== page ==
- Frequent abdominal exam
- Repeated hematocrit levels at regular intervals
Patients with stab wounds without fascial penetration may be discharged after observation in the ED.
Pearls and PitfallsPermissive hypotension is gaining support as a resuscitative principle:
- Avoid normal or near normal BP.
- Avoid overaggressive resuscitation with crystalloids.
- Completely exposing the patient will minimize overlooking an injury.
- Spinal immobilization is unnecessary unless there is an obvious spinal cord injury.
- Goodman CS, Hur JY, Adajar MA, et al. How well does CT predict the need for laparotomy in hemodynamically stable patients with penetrating abdominal injury? A review and meta-analysis. AJR Am J Roentgenol. 2009;193(2):432–437. [PMID:19620440]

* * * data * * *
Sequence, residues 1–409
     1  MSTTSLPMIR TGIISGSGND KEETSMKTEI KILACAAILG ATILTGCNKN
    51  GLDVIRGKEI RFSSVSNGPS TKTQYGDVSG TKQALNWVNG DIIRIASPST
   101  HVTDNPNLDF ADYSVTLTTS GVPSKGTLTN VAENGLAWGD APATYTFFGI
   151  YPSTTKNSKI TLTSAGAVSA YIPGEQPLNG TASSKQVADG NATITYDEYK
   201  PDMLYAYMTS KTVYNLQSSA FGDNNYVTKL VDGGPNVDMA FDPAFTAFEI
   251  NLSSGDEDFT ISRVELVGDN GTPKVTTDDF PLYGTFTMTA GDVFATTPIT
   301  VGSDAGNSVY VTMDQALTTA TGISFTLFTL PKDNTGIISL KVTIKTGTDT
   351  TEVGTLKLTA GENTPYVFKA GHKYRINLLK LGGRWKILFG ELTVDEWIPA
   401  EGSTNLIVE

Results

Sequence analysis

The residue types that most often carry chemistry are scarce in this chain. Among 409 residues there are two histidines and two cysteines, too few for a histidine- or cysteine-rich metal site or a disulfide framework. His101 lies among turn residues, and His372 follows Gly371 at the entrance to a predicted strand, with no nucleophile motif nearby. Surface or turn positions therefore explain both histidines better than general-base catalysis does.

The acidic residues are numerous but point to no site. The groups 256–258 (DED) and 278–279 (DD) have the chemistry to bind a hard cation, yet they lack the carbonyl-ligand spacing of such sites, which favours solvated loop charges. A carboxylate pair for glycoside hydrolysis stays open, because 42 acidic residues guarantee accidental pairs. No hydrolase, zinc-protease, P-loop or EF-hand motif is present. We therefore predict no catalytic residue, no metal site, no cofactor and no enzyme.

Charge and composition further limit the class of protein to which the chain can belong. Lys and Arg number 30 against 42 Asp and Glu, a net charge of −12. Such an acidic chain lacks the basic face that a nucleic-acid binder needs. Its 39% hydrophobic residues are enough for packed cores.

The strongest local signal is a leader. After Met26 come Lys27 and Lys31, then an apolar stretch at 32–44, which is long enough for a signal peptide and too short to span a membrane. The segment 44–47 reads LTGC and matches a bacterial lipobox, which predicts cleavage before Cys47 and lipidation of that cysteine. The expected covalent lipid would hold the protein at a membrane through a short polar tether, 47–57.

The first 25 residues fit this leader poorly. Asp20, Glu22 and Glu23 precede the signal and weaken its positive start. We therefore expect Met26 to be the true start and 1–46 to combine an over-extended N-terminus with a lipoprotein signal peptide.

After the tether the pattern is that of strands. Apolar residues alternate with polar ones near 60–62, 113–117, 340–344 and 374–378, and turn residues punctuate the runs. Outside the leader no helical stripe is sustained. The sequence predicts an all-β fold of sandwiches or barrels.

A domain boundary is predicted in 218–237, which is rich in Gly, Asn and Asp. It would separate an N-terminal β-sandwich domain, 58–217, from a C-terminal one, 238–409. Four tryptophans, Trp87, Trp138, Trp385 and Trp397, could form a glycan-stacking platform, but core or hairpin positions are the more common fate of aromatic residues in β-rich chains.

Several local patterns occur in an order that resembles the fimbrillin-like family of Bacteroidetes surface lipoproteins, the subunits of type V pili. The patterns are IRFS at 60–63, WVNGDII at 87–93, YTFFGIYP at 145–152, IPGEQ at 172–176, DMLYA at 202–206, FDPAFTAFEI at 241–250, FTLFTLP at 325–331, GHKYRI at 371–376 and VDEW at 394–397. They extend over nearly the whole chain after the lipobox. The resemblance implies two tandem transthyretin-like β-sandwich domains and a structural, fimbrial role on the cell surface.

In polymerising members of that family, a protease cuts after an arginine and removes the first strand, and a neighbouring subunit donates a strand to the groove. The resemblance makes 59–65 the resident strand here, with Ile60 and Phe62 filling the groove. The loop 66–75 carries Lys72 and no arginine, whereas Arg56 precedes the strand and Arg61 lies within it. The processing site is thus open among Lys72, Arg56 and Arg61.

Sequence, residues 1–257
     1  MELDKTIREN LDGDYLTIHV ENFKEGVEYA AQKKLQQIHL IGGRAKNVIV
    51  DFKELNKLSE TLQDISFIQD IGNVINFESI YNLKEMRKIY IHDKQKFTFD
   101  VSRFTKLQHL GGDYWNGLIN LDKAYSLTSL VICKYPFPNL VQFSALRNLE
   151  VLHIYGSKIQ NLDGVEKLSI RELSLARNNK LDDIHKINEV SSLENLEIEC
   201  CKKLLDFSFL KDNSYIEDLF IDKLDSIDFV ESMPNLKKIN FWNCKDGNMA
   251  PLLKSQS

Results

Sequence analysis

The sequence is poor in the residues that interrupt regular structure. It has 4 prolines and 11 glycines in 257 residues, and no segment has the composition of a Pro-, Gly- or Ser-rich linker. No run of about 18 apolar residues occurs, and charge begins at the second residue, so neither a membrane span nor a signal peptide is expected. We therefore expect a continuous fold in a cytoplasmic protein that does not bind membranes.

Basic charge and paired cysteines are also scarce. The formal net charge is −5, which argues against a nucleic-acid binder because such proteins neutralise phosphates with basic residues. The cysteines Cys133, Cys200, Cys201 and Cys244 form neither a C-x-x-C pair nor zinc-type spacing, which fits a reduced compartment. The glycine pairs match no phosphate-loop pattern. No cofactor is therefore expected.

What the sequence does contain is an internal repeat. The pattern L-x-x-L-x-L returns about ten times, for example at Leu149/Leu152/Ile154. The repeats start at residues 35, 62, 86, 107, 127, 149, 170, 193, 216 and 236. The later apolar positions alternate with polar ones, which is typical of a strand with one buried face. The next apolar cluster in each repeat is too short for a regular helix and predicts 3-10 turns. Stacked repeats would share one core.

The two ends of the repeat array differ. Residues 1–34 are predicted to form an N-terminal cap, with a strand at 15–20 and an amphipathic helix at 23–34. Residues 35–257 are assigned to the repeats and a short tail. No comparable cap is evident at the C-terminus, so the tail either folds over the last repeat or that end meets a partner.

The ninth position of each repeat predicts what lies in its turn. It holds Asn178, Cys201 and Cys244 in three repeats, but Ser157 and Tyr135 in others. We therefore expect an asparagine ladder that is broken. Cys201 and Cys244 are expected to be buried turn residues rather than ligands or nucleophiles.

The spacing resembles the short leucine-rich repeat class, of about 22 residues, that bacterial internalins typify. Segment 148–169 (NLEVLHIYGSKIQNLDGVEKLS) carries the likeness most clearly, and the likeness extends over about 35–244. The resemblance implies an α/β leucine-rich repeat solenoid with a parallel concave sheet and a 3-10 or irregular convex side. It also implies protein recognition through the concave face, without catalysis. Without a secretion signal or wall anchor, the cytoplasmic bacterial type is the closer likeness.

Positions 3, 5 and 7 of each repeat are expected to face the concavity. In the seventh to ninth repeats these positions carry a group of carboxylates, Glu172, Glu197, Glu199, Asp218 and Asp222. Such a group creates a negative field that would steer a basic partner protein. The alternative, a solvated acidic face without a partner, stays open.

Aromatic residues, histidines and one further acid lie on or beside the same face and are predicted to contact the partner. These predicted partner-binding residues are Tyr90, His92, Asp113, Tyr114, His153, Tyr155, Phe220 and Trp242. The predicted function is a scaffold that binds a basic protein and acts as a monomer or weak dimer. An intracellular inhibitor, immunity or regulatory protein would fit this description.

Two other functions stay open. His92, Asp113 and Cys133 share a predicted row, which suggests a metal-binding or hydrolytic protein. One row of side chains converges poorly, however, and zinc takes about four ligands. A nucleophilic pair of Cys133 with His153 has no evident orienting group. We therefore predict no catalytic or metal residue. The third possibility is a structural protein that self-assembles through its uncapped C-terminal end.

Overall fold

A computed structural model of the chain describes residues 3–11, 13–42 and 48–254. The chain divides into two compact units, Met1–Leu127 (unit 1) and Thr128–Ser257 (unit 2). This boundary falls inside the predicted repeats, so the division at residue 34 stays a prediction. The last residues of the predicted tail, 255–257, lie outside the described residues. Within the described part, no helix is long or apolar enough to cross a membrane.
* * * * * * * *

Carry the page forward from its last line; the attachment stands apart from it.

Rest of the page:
- Kirkpatrick AW, Sirois M, Ball CG, et al. The hand-held ultrasound examination for penetrating abdominal trauma. Am J Surg. 2004;187:660–665. [PMID:15135687]
- Oyo-Ita A, Ugare UG, Ikpeme IA. Surgical versus non-surgical management of abdominal injury. Cochrane Database Syst Rev. 2012;14(11):CD007383.
- Sebesta J. Special lessons learned from Iraq. Surg Clin North Am. 2006;86(3):711–726. [PMID:16781278]
868.10 Injury to other intra-abdominal organs with open wound into cavity, unspecified intra-abdominal organ
- Unsp opn wnd abd wall, unsp quadrant w penet perit cav, init
- Pnctr w/o fb of abd wall, unsp Quadrant w penet perit cav, init
- 443183003 Penetrating wound of abdomen (disorder)
- 283475002 Stab wound of abdomen (disorder)
- 283545005 gunshot wound (disorder)
Stewart R. Coffman
Stephen R. Hayden
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Abdominal Trauma, Penetrating